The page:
BBC Price of Football 2012
It's pretty basic stuff. A polystyrene cup, about half a pint of hot water, a bag of dried leaves and a splash of milk.
There you have it, one cup of tea, a bastion of Britishness and a price difference of £2 - from 50p in Scotland to £2.50 at Old Trafford and the Etihad. But why?
And that, very simply, is what the BBC Price of Football 2012 report - to be published on the BBC Sport website on Thursday and discussed on BBC Radio 5 live - is all about. Asking why? Discussing how?
It isn't an exercise in kicking clubs for charging too much, nor is it about hopping on the bandwagon and shouting "disgrace" at that those that charge the most. It's about a day of discussion and debate about the cost of watching your team play football and how that has changed, at whatever level.
It's also the chance to ask questions of the people in the game who set the prices at the 166 teams involved across 10 divisions in England, Scotland and Wales.
But this didn't happen overnight. Before we even started, earlier in the year, we ensured we had the co-operation of the Premier League and the Football League. Clubs receive several requests a week to take part in surveys and reveal prices, so ensuring the leagues understood what we wanted to achieve was crucial.
Because of their experience of the Price of Football report in 2011, they agreed. They, in turn, encouraged clubs to take part.
Over the past month, we've spoken to media officers from every one of the 166 clubs we surveyed. Many of them more than once. Some, we've had to chase for the information. We've then double-checked that information to ensure that it's accurate.
But studying the Price of Football isn't easy. There is simply no way to compare the "normal" ticket prices fans pay at any given club, on any given matchday or for the deals available on season tickets.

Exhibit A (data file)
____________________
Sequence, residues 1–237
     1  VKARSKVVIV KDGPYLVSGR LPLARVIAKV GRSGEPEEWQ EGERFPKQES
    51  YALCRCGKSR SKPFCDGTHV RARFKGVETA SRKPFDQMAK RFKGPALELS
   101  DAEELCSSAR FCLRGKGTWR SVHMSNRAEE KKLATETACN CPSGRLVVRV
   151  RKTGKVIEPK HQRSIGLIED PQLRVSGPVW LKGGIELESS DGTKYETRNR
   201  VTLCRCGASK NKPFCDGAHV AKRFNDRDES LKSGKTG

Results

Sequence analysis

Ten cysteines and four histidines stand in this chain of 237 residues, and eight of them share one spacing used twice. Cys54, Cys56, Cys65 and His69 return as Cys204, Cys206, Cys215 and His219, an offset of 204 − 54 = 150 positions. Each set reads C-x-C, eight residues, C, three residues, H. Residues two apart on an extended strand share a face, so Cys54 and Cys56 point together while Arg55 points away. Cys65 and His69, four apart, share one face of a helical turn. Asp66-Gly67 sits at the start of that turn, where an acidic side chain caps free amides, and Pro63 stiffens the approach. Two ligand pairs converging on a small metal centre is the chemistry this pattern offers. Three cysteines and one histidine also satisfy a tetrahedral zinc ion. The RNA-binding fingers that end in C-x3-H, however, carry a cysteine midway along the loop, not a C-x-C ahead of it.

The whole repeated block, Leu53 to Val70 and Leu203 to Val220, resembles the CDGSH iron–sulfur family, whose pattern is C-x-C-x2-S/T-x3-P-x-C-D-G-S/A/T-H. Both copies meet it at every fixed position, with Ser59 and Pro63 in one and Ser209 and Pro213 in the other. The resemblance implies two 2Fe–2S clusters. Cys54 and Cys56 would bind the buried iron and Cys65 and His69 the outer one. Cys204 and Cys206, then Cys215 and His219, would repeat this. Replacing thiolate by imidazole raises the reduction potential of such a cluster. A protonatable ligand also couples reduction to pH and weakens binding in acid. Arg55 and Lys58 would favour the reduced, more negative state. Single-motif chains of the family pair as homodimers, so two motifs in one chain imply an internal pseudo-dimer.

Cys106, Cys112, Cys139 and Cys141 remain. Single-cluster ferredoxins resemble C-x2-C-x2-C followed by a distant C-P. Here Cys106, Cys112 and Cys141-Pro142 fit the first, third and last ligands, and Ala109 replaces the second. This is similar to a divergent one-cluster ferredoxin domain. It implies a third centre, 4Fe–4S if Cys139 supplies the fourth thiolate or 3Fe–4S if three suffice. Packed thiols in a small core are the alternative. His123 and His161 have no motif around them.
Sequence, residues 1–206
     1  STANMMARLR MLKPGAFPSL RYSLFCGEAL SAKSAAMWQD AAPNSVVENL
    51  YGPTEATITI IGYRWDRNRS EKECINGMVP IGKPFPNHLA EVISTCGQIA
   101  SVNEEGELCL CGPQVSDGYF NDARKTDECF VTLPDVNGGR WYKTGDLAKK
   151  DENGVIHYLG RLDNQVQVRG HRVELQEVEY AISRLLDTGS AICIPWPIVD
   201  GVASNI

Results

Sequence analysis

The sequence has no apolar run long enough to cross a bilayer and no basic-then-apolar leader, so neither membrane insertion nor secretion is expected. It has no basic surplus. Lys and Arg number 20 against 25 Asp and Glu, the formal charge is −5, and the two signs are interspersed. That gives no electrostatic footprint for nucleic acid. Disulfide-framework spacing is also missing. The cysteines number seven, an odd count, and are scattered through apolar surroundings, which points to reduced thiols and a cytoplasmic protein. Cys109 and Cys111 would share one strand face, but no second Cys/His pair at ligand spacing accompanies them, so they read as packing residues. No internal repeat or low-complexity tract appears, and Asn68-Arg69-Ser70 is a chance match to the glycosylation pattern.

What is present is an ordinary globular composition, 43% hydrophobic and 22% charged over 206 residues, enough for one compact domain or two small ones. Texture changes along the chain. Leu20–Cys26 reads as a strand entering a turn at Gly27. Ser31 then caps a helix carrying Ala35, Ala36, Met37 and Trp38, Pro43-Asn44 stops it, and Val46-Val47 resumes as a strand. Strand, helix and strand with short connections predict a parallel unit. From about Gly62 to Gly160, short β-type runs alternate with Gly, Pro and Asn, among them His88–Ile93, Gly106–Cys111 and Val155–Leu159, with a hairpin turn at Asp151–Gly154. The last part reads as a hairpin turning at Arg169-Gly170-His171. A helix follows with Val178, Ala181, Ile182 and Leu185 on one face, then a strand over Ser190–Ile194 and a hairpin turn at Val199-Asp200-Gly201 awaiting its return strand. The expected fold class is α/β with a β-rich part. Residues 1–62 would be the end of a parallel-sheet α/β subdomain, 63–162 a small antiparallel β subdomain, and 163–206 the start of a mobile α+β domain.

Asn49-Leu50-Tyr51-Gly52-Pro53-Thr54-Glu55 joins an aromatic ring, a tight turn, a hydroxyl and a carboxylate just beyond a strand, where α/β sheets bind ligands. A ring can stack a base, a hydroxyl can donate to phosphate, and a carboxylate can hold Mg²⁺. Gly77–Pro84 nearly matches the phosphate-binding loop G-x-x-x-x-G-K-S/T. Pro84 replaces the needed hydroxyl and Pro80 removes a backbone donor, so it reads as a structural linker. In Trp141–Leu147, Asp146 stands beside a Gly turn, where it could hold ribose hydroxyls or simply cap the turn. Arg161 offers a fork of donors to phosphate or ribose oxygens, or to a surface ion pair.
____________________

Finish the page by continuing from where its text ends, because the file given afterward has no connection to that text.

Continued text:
From the variety of categories that are set depending on the opposition, to early bird offers, to family discounts through offers for cup games, there is no way to compare every single type of ticket available.
Similarly, neither is there such a thing as a standard junior ticket. Some clubs let certain ages in for free, others bracket children's tickets depending on age, setting one price for those under 12 and another for 12-16 for example.
So the simplest way to identify trends across 166 clubs in 10 divisions, who all use a range of different pricing structures, is to keep it clean and simple to ensure that the results of the study are as comparable as they can be.
We asked clubs for the cheapest, and most expensive, adult ticket for a league game when purchased on a match day, as well as adult season tickets - and added in a pie, tea and a programme to work out the cost of a day at the football for one adult.
We've aimed, all along, to be as transparent as possible. Clubs decided to take part in the survey and they wanted to spark debate on their own websites with their own fans about how their prices are structured.
With seven different price categories across 166 teams, our study offers more than 1,100 different figures to pore over and is one of the biggest ever undertaken in British football.
We want this to be an annual event, when football clubs and fans come together across the BBC to discuss and debate everything from the price of a pie, to the cost of a season ticket.
So next year, we'll do it again, and I welcome your suggestions about how we can make it even better. Feel free to leave some below.
After all, what is football without the fans?
By Stuart Rowson, BBC sports editor interactive.
Listen, watch and debate the Price of Football with 5 live and the BBC Sport website with a specially-extended YourCall from 9-11am on Thursday with Nicky Campbell and Rachel Burden. You can listen on 5 live and watch it on red button and the website between 9-10, then online and red button only between 10-11. And you can get involved in the debate throughout the day on the BBC Sport website on Sportsday Live from 7am and on Twitter using #bbcpriceoffootball